News

OH graduation caps off big year

From the football team winning the district title to cheerleaders winning a national title, it has been a big year at Oak Harbor High School.

The year concluded Monday night when approximately 330 students graduated with the Class of 2006.

Whether it was athletics, career-oriented competitions or art and music, students brought home numerous awards throughout the year.

The culinary arts team and the auto mechanic team earned state titles, the JROTC team is the reigning Northwest Drill and Rifle Conference champion and earned second place in the Western Region championships in Colorado.

In music, the Chamber Singers and the OHHS Band rated Superior in a recent competition. Seven band members qualified for state.

Students also gave a lot of time in volunteering over the year. They helped with the “Extreme RakeOver,” which spruced up the high school campus and they collected 8,000 items in a recent food drive.

The football team won the Western Conference North title and won two playoff games, including the school’s first state playoff victory. The golf team earned the WesCo North Title and sent two boys and one girl to state.

Kathy Jones, president of the school board, said Oak Harbor High School has the highest graduation rate in the region.

While everyone is proud of the accomplishments achieved this school year, they also held a moment of silence to remember Adrian Almario who died earlier in the year.

Four seniors spoke during Monday’s ceremony. They talked about ambition, how plans changed throughout high school and learning from mistakes.

Tom Chandler’s subject was ambition. He quoted C.S. Lewis and encouraged his classmates to begin working to achieve their dreams.

Jennifer Muzzall, who represents the fourth generation of her family to graduate from Oak Harbor High School, talked about how her goals changed as she went through high school.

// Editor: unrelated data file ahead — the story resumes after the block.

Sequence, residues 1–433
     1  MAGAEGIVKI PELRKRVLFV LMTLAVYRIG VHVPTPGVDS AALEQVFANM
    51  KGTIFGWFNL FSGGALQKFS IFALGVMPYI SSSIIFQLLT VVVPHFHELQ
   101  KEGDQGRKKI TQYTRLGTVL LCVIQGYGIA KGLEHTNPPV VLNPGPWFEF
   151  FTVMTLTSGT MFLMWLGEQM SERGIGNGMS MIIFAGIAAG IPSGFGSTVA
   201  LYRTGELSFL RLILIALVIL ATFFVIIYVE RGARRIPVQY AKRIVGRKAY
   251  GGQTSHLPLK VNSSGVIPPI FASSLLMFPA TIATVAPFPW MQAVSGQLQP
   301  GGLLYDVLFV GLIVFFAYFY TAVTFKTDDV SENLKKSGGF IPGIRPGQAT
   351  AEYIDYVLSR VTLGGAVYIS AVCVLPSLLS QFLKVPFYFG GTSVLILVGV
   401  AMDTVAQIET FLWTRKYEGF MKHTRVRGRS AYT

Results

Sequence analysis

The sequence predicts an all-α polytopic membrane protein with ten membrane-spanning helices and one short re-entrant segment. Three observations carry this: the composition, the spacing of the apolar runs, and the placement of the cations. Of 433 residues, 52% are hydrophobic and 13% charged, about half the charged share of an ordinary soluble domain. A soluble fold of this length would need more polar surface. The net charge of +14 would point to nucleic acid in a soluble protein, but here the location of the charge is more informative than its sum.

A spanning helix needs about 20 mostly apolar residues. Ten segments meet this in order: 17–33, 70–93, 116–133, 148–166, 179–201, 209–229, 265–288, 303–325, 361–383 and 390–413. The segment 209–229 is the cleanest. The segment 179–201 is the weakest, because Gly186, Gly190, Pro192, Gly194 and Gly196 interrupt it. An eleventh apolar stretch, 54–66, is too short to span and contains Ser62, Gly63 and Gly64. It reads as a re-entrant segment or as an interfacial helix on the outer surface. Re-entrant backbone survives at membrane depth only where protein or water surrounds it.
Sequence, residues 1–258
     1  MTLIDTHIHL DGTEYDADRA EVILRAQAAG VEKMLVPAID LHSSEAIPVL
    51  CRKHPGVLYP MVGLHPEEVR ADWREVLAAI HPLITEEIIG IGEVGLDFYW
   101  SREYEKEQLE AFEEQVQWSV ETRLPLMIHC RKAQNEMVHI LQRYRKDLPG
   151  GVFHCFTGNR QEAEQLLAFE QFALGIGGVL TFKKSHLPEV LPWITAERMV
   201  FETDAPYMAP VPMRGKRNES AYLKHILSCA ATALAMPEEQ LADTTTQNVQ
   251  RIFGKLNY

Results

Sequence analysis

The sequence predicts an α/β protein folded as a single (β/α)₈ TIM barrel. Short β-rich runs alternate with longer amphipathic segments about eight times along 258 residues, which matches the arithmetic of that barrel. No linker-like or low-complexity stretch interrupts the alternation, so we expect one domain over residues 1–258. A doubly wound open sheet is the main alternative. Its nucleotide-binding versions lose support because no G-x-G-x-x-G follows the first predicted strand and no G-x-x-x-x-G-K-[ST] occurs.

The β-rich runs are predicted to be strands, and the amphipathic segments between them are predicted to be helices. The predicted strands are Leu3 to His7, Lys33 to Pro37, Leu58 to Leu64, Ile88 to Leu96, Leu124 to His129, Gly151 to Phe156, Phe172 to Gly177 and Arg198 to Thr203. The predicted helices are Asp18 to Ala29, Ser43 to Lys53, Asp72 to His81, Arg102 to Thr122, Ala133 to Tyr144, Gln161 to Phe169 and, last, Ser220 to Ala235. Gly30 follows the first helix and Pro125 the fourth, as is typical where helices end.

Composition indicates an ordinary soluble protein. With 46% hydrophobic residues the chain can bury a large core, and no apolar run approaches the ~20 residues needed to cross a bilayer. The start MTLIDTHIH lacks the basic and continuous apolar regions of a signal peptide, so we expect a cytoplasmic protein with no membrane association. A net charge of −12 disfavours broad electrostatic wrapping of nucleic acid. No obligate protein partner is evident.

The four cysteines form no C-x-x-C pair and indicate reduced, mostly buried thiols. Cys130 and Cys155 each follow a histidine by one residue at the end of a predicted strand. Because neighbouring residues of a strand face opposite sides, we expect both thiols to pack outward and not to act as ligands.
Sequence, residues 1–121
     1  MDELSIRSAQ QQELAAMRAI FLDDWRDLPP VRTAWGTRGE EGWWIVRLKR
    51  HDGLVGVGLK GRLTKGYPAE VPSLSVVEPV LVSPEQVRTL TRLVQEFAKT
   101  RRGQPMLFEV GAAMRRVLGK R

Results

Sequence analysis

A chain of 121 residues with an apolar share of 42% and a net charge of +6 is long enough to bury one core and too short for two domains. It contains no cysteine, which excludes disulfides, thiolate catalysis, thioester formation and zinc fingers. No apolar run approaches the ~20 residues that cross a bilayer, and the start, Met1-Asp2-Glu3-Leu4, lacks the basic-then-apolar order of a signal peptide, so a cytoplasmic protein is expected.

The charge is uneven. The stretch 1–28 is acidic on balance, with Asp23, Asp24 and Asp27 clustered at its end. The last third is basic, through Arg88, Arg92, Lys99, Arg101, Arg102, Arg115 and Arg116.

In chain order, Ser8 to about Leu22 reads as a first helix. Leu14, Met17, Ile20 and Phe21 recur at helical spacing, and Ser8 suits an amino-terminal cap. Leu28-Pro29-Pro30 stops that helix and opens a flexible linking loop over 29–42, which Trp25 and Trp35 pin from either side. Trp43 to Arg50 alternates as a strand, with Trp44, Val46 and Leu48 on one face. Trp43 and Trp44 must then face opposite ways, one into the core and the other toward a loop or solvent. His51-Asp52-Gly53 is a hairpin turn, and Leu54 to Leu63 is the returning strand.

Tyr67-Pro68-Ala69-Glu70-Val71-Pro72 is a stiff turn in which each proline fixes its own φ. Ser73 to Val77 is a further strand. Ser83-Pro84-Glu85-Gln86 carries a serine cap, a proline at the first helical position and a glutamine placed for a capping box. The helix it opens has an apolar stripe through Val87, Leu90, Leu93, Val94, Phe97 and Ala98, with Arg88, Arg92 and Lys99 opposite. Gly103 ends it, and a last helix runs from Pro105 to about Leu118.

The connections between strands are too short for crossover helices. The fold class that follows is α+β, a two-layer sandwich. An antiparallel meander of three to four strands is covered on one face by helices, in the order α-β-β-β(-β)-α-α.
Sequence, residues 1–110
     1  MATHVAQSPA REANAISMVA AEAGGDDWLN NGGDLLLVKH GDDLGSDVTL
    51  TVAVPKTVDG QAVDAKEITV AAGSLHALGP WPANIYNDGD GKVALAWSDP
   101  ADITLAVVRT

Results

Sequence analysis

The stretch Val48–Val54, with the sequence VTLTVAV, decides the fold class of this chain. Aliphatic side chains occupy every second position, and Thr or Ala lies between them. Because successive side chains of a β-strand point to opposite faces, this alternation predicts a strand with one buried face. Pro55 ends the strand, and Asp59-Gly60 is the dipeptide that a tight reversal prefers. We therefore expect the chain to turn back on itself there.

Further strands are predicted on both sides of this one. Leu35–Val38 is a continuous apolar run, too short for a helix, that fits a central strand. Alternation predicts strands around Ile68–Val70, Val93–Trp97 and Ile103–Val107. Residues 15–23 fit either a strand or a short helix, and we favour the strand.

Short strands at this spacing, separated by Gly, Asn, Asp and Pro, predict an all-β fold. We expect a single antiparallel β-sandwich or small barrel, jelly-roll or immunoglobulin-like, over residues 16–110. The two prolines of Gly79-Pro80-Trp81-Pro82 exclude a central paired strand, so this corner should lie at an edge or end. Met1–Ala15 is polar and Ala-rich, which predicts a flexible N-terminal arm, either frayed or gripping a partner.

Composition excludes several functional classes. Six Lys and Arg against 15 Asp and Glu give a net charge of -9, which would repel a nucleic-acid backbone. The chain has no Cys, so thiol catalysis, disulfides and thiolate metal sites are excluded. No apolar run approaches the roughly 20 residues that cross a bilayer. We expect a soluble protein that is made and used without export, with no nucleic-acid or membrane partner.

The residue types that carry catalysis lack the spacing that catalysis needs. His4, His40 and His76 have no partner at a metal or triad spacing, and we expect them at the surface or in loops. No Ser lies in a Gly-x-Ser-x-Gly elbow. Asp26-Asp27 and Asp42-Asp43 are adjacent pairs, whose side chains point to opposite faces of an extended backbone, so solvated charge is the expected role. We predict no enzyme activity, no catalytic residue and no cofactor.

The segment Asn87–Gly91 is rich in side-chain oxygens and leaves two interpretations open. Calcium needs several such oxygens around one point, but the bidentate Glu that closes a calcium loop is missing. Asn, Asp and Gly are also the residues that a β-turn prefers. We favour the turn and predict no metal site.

Her plans changed from becoming a dairy farmer to pursuing a career in law enforcement.

“I have discovered my passion for law enforcement,” Muzzall said. She added she had to convince her parents of her desire to change careers. She also participated in the Explorers Program, which provided exposure to law enforcement.

Danica Humphries, who graduated with a 4.0 grade point average, said graduates will either have tears of joy for being set free from school or bittersweet tears because of the friends they will miss.

“This new journey will be the most exciting adventure of our lives,” Humphries said. “We will make mistakes. Embrace those challenges.”

Fellow graduate Jacque Leach, who also earned a perfect 4.0 grade point average, said that since her freshman year, she has learned to appreciate people’s flaws.

“I’ve learned that perfection and its many forms is way overrated,” Leach said. “It’s the flaws and the little imperfections that make everybody special.”

The Class of 2006 earned $125,000 in local scholarships and $1.7 million in state and national scholarships. Two students graduated with perfect grades and 61 students earned at least a 3.5 grade point average. Three students, Alicen Bishop, Kathryn Prasser and Natalie Sizemore, participated in the Running Start program and are earning associate’s degrees from Skagit Valley College in addition to their diplomas. Four other graduates are foreign exchange students.

With their graduation complete, the young men and women are preparing to take their next step whether it will be attending college, working or enlisting in the military.

Goals are varied, depending on the graduate. Arvin Merino is bound for college in Arizona. He eventually wants to transfer for Arizona State University where he hopes to study architecture.

Sean O’Brien is heading to Alaska this summer. He is fishing to raise money to pay for college. After that, he hopes to attend Skagit Valley College or Boise State University, eventually majoring in mechanical engineering. Tabitha Rivera plans on attending Central Washington University and studying exercise science.

We encourage an open exchange of ideas on this story's topic, but we ask you to follow our guidelines for respecting community standards. Personal attacks, inappropriate language, and off-topic comments may be removed, and comment privileges revoked, per our Terms of Use. Please see our FAQ if you have questions or concerns about using Facebook to comment.
blog comments powered by Disqus

Read the Nov 22
Green Edition

Browse the print edition page by page, including stories and ads.

Browse the archives.

Friends to Follow

View All Updates